How Credit Card Companies Are Responding:
Visa has responded to the changing payment landscape in a few ways. Firstly, Visa has taken an ownership stake in a variety of mobile payment companies. Also, Visa has launched V.me, which focuses on providing secure online transactions which does not force customers to reveal their entire credit card number. In addition to V.me, Visa also offers Visa Paywave which allows customers to simply waive their card without having to swipe. Finally, Visa had previously operated a mobile app but the company has since shut down the app.
American Express has created perhaps the most extensive mobile app for card tracking and services. However, this app does not allow customers to pay using the app. American Express has partnered with Isis Wallet to provide customers a way to pay for things using mobile devices.
Both Capital One and Discover have, like American Express, focused on providing customers with a high quality mobile app experience, but the app does not let consumers pay using the app. Capital One is, however, like American Express, supported by the Isis Mobile Payment System.
AT&T & Verizon
Both AT&T & Verizon will be important players in deciding how the future of mobile payment unfolds. So far, both AT&T and Verizon have backed the Isis Mobile Payment System. However, this system has yet to take hold, that is not to say that it eventually won't. It would make sense that AT&T and Verizon will want to enjoy some of the profits to come from mobile payment, this could come at the expense of credit card companies.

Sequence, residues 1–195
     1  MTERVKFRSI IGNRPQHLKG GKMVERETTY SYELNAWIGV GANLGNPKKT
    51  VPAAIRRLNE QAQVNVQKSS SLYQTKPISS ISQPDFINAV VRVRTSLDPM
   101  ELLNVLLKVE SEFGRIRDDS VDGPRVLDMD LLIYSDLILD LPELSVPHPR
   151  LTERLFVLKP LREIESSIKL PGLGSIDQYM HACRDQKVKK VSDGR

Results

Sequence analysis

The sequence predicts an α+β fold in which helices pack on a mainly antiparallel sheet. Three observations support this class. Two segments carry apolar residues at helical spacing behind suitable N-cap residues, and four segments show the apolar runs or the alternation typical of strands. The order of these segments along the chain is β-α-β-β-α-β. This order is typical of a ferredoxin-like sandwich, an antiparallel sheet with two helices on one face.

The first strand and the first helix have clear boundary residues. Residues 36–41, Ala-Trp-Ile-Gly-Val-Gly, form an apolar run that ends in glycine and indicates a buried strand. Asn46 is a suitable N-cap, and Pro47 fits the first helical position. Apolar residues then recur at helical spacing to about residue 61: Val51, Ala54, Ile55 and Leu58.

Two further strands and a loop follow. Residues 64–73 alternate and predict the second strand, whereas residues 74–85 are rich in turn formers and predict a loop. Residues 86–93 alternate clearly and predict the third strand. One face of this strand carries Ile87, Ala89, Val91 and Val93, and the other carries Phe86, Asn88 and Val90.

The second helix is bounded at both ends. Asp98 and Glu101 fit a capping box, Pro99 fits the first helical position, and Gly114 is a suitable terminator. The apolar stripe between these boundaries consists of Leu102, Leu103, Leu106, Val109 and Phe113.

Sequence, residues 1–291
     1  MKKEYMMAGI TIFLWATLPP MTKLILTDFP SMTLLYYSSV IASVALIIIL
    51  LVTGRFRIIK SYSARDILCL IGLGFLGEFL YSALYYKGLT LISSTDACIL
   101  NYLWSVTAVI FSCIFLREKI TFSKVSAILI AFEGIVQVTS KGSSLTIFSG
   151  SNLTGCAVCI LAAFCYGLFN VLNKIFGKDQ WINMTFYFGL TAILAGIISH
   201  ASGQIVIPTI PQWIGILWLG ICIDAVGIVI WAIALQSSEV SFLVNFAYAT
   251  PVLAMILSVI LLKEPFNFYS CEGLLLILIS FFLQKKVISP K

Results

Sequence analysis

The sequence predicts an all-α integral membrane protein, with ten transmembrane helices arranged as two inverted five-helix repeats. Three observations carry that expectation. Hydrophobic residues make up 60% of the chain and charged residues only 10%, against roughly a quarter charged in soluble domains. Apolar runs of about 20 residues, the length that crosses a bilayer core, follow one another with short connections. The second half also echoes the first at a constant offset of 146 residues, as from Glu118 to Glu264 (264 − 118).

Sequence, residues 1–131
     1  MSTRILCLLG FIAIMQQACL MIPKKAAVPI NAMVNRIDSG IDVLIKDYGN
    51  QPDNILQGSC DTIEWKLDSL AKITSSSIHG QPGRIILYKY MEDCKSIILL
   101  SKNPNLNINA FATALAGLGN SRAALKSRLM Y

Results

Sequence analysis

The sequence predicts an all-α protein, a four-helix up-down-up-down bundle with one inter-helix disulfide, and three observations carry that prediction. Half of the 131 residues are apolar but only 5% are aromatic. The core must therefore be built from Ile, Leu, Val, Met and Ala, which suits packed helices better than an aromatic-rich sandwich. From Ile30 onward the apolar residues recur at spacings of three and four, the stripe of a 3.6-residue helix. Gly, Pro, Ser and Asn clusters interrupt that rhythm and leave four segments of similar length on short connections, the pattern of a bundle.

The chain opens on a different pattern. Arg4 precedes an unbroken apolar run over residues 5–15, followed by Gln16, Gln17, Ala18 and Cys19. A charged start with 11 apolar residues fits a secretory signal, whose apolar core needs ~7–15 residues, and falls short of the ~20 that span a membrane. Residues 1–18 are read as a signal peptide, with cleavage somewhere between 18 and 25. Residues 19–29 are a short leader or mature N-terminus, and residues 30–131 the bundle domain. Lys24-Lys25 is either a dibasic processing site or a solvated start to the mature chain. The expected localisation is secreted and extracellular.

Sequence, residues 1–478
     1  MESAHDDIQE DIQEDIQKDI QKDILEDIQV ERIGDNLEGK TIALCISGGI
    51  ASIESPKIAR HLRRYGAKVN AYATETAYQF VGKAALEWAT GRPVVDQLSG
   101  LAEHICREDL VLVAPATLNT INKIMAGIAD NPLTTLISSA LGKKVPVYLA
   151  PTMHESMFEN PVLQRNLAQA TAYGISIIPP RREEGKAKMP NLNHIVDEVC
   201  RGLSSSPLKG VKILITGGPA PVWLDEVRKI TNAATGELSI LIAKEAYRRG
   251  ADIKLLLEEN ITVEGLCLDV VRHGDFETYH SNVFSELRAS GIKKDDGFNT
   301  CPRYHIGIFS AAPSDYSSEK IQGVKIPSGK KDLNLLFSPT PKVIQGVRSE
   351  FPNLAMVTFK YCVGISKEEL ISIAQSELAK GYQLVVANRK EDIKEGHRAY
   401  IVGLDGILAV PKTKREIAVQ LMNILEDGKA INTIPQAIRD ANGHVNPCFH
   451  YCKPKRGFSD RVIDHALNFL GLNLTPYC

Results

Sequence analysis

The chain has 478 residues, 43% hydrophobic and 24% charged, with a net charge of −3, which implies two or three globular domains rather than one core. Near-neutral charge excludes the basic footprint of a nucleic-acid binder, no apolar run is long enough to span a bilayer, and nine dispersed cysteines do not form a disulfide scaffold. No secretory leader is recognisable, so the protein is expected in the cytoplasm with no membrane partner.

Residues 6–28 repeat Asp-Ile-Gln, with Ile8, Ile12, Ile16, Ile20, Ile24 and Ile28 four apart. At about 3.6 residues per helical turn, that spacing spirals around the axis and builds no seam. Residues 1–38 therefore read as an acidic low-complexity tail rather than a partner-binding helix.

It is to early to say how the future of mobile payment will unfold. Will Visa and Mastercard's go at it alone strategy pay off or will AT&T and Verizon backed Isis rule the payment world of tomorrow, or will it be something different?
No, I do not believe the global trend of consumers moving from cash to plastic is ending. However, I am not sure investors are currently appreciating the future risks to the current credit card system. It will change. The market has priced in future success for the current credit card companies, especially Visa and Mastercard. My thesis here is that we, as credit card company investors, do not know enough about the future of payment to say that the current companies will be big winners. Investors should not view credit card company stocks as easy buy and hold stocks. Instead, investors should be constantly evaluating these companies based on how the future of payment evolves.